The most crucial element for urban and densely populated areas is opportunity charging at privately owned, publicly accessible DC charging parks. In other words: in the supermarket car park. There is enormous potential here that owners are increasingly tapping into. It is no longer a vision of the future that EV owners will prefer to drive to a shopping centre where they can fill up their traction battery as they shop.

That may even be the case in rural areas, where the best solution is to have your own parking space with an AC wall box. But not everyone has one. Even in the city, public transport does not replace car ownership. That only applies to certain mobility groups in the epicentre of larger cities.

In metropolitan regions, there will be opportunity charging at public charging parks at shopping centres and charging parks operated by the oil industry. Land has never been so valuable: anyone can see how a row of petrol pumps at Aral and Shell is being replaced by charging points. And then comes the next one.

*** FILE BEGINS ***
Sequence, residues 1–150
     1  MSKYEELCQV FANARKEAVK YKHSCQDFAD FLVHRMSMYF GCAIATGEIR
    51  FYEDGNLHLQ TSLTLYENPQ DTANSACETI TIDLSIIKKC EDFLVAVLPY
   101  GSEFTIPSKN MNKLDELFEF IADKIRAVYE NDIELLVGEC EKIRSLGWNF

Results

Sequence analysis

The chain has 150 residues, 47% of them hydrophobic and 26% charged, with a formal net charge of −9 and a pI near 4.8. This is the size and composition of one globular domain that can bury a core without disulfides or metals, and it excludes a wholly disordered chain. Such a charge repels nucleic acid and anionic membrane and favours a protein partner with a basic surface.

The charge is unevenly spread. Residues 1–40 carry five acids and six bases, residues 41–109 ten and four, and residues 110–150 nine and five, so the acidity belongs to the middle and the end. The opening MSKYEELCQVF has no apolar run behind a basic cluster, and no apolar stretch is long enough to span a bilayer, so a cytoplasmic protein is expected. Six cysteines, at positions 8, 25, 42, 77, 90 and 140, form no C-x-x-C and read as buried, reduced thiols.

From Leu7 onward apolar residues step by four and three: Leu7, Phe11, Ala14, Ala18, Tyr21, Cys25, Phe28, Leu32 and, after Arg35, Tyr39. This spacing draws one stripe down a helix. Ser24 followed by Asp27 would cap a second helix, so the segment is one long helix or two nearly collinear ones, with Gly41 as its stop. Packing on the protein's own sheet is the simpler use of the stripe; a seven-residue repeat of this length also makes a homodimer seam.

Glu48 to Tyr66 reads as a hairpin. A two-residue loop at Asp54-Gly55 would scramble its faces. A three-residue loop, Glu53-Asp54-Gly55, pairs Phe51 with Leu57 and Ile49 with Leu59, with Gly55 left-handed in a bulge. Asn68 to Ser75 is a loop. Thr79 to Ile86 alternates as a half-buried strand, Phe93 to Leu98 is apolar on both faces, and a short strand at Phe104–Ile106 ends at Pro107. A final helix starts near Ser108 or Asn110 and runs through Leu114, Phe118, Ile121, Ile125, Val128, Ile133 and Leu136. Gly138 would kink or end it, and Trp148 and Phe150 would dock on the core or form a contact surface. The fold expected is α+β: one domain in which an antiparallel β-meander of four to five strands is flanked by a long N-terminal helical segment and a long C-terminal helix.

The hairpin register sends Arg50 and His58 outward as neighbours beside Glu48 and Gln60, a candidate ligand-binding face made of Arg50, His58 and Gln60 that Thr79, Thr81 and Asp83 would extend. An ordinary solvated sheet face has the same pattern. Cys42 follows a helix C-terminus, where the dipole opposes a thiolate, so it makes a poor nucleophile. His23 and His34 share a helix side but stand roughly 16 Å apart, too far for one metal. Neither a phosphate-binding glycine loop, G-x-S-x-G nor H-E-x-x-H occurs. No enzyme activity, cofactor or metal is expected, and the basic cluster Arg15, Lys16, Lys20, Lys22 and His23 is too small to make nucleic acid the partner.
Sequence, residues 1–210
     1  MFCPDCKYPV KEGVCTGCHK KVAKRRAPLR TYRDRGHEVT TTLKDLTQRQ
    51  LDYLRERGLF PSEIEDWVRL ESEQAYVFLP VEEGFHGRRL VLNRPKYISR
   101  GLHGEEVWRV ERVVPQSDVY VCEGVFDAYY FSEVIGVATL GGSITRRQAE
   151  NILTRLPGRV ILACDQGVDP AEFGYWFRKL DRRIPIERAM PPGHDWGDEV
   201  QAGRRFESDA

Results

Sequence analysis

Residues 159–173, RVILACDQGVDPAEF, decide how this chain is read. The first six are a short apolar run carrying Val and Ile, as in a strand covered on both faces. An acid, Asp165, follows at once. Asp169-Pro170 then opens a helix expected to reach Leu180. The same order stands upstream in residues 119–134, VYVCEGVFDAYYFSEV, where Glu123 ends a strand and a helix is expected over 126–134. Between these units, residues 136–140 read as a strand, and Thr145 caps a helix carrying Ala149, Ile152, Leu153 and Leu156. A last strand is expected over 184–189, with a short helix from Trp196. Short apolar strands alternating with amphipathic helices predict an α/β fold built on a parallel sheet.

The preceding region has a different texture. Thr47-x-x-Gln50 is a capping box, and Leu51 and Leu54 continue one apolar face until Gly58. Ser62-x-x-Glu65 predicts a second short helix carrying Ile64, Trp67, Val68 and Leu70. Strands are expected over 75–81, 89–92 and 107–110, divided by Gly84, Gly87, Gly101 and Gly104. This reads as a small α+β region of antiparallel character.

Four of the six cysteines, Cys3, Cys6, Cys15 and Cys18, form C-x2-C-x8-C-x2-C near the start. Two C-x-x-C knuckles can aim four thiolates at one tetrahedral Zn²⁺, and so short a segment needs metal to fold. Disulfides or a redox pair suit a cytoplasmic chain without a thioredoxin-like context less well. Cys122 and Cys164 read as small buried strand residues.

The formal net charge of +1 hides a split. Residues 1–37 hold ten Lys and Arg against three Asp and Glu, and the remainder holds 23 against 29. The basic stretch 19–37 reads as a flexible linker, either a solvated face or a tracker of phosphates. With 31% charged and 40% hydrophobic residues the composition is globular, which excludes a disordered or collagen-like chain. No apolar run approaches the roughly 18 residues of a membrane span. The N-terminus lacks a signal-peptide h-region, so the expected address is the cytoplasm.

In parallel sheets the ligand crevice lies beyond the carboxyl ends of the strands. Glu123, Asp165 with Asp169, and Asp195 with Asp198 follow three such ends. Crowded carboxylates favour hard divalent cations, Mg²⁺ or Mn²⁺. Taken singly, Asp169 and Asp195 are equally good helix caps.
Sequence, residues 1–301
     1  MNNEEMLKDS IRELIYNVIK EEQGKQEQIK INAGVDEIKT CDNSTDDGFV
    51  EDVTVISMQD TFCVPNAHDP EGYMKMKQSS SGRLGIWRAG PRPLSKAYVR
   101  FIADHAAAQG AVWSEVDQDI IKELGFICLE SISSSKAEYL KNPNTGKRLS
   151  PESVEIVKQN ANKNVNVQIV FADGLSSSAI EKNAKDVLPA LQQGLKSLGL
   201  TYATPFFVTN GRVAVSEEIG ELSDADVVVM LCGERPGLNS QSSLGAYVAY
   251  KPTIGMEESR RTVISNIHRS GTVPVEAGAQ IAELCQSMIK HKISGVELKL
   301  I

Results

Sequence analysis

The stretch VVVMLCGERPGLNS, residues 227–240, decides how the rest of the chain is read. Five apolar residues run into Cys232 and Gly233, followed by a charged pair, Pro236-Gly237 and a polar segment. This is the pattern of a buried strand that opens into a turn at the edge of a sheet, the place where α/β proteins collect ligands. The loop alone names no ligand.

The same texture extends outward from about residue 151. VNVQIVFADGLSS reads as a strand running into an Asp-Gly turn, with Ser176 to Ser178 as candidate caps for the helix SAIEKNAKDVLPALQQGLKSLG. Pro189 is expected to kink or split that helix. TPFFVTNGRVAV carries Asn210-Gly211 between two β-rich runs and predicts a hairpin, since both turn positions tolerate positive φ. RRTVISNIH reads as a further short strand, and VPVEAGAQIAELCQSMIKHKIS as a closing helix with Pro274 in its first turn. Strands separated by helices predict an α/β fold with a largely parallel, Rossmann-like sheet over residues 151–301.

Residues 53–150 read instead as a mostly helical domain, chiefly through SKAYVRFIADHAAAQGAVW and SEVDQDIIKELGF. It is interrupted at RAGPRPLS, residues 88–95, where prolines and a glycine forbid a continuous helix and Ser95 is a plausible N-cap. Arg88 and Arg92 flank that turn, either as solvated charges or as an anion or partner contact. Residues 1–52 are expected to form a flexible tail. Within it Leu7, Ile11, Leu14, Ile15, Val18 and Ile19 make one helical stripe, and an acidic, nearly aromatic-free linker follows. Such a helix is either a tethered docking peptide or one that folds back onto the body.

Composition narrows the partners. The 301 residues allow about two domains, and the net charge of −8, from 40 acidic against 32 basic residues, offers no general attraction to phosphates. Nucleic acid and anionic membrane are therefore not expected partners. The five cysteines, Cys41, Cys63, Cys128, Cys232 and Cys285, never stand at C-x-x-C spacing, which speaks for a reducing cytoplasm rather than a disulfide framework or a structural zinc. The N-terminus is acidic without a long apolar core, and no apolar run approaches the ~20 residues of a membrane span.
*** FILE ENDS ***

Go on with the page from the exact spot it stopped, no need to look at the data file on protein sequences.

Up to this point, everything is clear: due to the scarcity of space and the upscaling of electromobility, there is no way around the fastest possible DC charging. It has been happening for a long time and will become even more so against the backdrop of the megawatt charging system (MCS) for electric trucks. And if peak loads in the high-voltage grid become too expensive, stationary buffer storage systems must be built.

DC charging in the company car park?

But that doesn’t matter in the company car park. Here, you can comfortably plug into wall boxes with alternating current. Right?

That’s not certain, either. Projects such as Go EV argue that, above a certain size, it is no longer more expensive to rely on DC instead of AC. The principle is called Dockchain: a kind of main charger supplies many individual DC points with electricity depending on demand. The system can be flexibly expanded, and it offers the option of fast charging when required.

So it is by no means set in stone that large company car parks have to be equipped with a large number of AC points. It is probably only an interim solution.